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Arvidsjaur – 1 Night

It was eventually time to head south and we did so with several shorter stops in order not to have too many hours in the car. The first of these stops was Arvidsjaur where we for the first time during the trip stayed at a hotel. It was nice with some luxury after several days in the tent and in small camping cabins.

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Vilhelmina – 1 Night

It was on our way to Vilhelmina that we decided to extend our drive along the Swedish Wilderness Road. This additional drive meant one afternoon in Vilhelmina to prepare for the additional drive west instead of south.

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Klimpfjäll – 1 Night

Heading west also meant reaching the mountain range along the border with Norway. Klimpfjäll was our first nightly stop along the route, which gave us easy access to sights such as Fatmomakke and Stekenjokk.

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Gäddede – 1 Night

Beautiful mountain views took us south out of Swedish Lapland to the small village of Gäddede. The route meant several stops along waterfalls and lakes before finding a mediocre pizza in sleepy Gäddede.

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Östersund – 3 Nights

The Swedish Wilderness Road led us to Strömsund from where we continued to Östersund. We once more left the camping life in Östersund and stayed three nights at a bed and breakfast in the centre of the city. It might have been raining quite a lot, but we were able to enjoy a few days out of the car.

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Vemdalen – 1 Night

After Östersund our next planned stop was all the way south at Lake Siljan. When we realized how many hours in the car that would mean, we looked at a stop along the route. We found a place in Vemdalen, once more along the mountains.

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Mora – 5 Nights

From Vemdalen the drive south felt a lot shorter. We eventually ended up in the town of Mora and spent five nights in our tent at the local camping. Mora turned out to be a great base to explore the area. From here we had the opportunity to make day trips to Leksand, Malung, Orsa, Rättvik, and Sälen. It was a great end to our long northern road trip, and eventually there was only one thing left – to spend a day driving back to Stockholm.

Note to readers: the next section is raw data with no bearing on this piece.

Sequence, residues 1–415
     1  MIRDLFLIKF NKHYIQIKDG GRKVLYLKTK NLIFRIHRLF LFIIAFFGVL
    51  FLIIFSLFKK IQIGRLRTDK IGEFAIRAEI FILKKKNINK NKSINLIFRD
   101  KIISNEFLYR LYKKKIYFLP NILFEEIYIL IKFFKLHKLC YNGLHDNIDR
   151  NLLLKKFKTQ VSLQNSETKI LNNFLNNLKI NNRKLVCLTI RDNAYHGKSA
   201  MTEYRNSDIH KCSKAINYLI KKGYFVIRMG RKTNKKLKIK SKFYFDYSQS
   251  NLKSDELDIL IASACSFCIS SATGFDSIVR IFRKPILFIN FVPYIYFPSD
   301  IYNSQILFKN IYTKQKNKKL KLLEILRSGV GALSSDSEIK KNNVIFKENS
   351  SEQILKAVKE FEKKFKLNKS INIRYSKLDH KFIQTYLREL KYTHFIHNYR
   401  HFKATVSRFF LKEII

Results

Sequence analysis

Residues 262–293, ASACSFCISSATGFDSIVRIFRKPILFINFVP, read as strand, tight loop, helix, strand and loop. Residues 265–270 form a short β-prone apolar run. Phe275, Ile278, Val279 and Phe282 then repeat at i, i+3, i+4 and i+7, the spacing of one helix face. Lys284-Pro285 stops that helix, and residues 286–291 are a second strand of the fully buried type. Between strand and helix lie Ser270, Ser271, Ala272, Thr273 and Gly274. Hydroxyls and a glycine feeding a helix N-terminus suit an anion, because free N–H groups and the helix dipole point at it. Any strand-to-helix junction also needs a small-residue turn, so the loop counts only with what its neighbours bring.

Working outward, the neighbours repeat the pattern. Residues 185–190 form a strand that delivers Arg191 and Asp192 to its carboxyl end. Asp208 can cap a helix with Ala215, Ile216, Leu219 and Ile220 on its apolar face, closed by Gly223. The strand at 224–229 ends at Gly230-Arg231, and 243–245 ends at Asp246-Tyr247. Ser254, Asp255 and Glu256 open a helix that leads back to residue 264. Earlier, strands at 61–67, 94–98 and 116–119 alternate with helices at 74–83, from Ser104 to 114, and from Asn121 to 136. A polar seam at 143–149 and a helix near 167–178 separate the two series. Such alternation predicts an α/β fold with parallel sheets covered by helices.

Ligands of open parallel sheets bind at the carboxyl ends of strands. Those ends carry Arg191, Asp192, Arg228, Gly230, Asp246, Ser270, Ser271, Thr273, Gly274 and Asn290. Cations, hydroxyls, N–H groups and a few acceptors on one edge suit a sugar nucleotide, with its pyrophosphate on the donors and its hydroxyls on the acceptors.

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Join our story of our Northern Road Trip of 2020 here >>

This Post Has 4 Comments

  1. Kate@VanhaTaloSuomi

    I’m curious as to how you think the virus travels from country to country?

    1. Jesper

      Hello Kate, it is a good question, but sadly not easy. There are multiple dimensions to take into account. I can recommend you to have a look at the numbers from the Åland Islands, which still have had a quite extensive exchange of people across the Swedish border.

  2. hobbycyclist19

    As someone living in Finland I have to say that I don’t really recognise your description of the Finnish debate. There have been criticism of the Swedish strategy, but I haven’t really seen any animosity towards people from Sweden. Unfortunately, the loudest voices are seldom the most reasonable ones…

    By the way; if you ever decide to go to Lappeenranta in the future I would strongly recommend that you go via Punkaharju. That place is really beautiful, especially if one goes the older road (Harjutie).

    1. Jesper

      I believe you and know that most Finns are great people. It is the few and loud that is causing concern when crossing the border. Internet trolls are an international problem, at the time of our planning a lot of trolls internationally were concentrating their rage on the Swedish approach. When reading online comments about people on the lookout for Swedish registered cars on forums (like Facebook) at the time, the discussion climate felt just wrong. Having both a long drive, a kid, and the ongoing pandemic to take into account. The risk of encountering even one person in Finland having resentment towards Swedish visitors wasn’t something we wanted to add into the mix. That person would probably only see the Swedish registered car, not that we would have stayed at least 2 weeks in self-quarantine before heading out on the road trip.

      We really hope that we will be able to explore more of Finland soon. We will see when that will be possible. There are both friends and family that we want to visit, but that will have to wait until after the pandemic. Punkaharju looks amazing when googling it, thank you for the suggestion, we will remember that place in case we are able to get to eastern Finland. 🙂